VJMP Reads: Ted Kaczynski’s Unabomber Manifesto V

This reading carries on from here.

The next chapter in Industrial Society and Its Future is ‘Control of Human Behaviour’. Having established that invasive control of human behaviour was inevitable given a high enough level of technology within a society, Kaczynski now turns to the question of how that behaviour is controlled.

Pressures to control human behaviour have arisen from the beginning of civilisation. When civilisations try to control people so tightly that those people go beyond the limits of their endurance and collapse, then that society will also collapse. Human nature therefore limited the development of human society, but technology threatens to change this by making it possible to change humans.

The passage “Imagine a society that subjects people to conditions that make them terribly unhappy, then gives them drugs to take away their unhappiness. Science fiction?” reads as extremely prescient for 1995. Kaczynski was writing at the start of the Prozac wave, but the trend has worsened severely, with as many as a quarter of some populations on a psychiatric drug at any one point in time. It can be said, therefore, that he predicted the current state of widespread dismay and despair.

Psychiatric drugs are not so much medicines as they are ways of postponing the collapse of society. “In effect, antidepressants are a means of modifying an individual’s internal state in such a way as to enable him to tolerate social conditions that he would otherwise find intolerable.” With a strong sense of irony, Kaczynski notes that the system is often doing the individual a favour when it brainwashes him into submission, because the alternative is destruction. Likewise, the definition of “child abuse” changes depending on which childrearing techniques produce results the system wants, and which do not.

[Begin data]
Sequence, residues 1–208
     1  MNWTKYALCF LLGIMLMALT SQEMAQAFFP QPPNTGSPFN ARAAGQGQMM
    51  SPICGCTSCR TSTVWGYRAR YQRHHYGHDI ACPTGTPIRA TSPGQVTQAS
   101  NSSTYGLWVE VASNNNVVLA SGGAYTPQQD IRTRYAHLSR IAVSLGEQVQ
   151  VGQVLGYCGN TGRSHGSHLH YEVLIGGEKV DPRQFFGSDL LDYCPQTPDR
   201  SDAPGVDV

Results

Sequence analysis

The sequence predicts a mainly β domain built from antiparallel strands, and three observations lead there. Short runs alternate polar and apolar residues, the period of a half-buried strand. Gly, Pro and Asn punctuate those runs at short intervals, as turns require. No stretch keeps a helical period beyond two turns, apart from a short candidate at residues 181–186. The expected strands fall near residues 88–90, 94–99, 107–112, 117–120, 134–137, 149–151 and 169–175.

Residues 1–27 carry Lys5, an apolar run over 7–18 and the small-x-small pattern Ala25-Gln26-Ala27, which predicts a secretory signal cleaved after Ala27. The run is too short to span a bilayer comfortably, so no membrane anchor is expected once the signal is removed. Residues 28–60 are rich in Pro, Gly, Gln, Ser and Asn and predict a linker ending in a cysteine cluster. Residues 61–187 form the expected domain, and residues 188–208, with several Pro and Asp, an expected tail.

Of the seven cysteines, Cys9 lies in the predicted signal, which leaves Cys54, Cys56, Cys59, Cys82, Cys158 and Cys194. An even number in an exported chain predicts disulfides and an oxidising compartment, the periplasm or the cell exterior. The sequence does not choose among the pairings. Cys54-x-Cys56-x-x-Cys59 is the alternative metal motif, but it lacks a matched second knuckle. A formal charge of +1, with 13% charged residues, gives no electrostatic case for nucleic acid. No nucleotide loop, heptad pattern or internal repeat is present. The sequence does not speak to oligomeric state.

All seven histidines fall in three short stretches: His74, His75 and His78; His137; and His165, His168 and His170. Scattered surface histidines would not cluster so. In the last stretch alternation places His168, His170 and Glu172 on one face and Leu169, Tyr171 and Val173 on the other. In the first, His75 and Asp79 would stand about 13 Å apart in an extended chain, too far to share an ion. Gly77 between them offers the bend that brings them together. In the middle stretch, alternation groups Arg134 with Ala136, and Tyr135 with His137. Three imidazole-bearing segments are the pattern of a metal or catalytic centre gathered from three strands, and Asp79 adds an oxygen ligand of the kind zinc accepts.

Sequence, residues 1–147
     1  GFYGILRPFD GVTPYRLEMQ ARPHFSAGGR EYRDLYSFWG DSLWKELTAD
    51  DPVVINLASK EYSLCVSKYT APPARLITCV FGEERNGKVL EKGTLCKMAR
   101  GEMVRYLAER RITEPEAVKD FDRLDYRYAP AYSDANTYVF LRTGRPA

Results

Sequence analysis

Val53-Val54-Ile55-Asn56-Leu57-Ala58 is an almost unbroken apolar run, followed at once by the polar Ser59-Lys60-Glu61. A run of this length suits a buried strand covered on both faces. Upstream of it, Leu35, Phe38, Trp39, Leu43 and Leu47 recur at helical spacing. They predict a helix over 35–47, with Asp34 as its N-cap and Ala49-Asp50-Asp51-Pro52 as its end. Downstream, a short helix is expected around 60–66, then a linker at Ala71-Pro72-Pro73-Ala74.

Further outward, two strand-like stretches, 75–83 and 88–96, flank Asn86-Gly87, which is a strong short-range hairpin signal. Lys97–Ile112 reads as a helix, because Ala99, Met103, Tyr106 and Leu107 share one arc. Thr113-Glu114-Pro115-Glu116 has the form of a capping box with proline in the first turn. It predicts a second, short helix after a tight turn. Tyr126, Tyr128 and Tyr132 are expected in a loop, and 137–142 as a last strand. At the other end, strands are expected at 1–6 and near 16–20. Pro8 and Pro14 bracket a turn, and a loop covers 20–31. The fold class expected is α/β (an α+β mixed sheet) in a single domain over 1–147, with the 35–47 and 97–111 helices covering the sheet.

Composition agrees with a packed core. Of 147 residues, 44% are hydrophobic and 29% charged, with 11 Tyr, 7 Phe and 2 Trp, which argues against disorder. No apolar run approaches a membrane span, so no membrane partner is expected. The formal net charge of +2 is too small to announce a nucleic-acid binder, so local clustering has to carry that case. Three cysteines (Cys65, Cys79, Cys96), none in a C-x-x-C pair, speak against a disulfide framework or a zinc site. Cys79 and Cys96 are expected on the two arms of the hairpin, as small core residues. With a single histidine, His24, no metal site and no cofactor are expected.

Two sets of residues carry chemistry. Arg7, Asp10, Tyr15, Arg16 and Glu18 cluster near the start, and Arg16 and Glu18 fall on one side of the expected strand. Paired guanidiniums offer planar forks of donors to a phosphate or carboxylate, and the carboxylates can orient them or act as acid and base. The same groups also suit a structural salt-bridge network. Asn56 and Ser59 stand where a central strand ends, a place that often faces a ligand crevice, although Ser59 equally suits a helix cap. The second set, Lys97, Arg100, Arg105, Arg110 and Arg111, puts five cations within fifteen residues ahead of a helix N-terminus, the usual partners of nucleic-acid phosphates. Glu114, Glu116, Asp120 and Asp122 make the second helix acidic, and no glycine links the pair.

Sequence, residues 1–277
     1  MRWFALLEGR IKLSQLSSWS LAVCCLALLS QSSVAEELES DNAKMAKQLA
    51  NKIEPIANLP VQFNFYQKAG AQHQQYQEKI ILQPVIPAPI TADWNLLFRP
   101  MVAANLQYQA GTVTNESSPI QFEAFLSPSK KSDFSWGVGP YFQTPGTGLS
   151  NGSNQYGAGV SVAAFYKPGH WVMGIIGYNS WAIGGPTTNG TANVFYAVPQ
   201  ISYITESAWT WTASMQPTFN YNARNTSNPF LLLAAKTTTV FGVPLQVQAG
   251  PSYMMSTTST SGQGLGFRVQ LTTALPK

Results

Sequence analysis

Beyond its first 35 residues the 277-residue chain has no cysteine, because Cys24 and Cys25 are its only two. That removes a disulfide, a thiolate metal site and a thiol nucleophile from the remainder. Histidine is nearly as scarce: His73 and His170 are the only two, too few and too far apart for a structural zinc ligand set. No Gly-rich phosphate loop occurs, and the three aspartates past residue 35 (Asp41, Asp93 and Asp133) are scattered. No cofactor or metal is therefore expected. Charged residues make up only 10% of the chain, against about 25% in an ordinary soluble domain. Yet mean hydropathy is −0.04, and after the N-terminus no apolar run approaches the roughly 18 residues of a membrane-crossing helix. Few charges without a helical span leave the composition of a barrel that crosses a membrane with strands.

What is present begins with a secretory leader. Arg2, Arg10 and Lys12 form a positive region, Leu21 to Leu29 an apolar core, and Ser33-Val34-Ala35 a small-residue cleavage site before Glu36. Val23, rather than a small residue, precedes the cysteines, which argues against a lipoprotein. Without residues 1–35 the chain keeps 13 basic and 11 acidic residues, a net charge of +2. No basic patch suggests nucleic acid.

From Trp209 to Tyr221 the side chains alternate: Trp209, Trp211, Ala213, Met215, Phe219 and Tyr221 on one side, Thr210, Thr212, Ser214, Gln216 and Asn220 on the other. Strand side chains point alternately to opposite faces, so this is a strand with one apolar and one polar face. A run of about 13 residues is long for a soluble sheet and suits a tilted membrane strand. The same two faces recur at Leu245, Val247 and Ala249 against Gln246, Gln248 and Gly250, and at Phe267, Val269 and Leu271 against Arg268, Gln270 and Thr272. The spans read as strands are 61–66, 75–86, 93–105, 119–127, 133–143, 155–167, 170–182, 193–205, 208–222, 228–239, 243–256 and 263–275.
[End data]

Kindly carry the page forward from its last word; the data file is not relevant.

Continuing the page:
The social disruption we see today is the result of what the system has done to people. This can lead to a totalitarianism that arrives after a number of steps, each one an apparently necessary reaction to a social problem, often with a humanitarian justification. We will probably have to contend with widespread genetic engineering for this reason. The system tends to regard as a “sickness” any mode of behaviour that is inconvenient for it, and therefore that manipulating people to fit in is a “cure”.

In ‘Human Race At A Crossroads’, Kaczynski points out that the system is not in control over everyone. Although it has total control over those who could be termed ‘bourgeois’, there are still many different kinds of disaffected rebel groups. The main concern of the system is to make these people docile so that they can no longer threaten. With this achieved, technology can then expand to take over everything on Earth. Human resistance will be impotent.

A total collapse of the technological system would give humanity the chance to start again. Kaczynski concludes that those who hate the industrial-technological system have two major duties: the first to increase the stresses within the technological system so as to hasten its collapse, the second to develop an alternative ideology that can serve to order a new world when it does.

The last chapter in this section is ‘Human Suffering’. Kaczynski was able to note, even in 1995, that the world’s population has become overblown on account of the technological system, and a collapse of the system would shortly be followed by a collapse in that population. This might entail much suffering in the short term, but this is less than the suffering that would arise if the system was allowed to grow even bigger. In any case, some consider dignity and freedom more important than merely avoiding suffering.

It is far from clear that the collapse of the industrial system would lead to less suffering anyway. Technology has meant that natural controls on population have been removed, which has resulted in a population explosion and all the suffering ensuing from that. Our relationship to Nature has been destroyed, and this is before we account for the effects of future problems like climate change.

Technophiles are unwilling to admit that when a technology comes and makes great changes to a society, this results in many other changes further down the line. For instance, agricultural advances that solve the problem of poverty merely lead to overpopulation, which leads to new problems of stress and aggression. This is an easily predictable problem, and there are many, many others that are not as predictable.

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VJMP Reads: Ted Kaczynski’s Unabomber Manifesto IV

This reading carries on from here.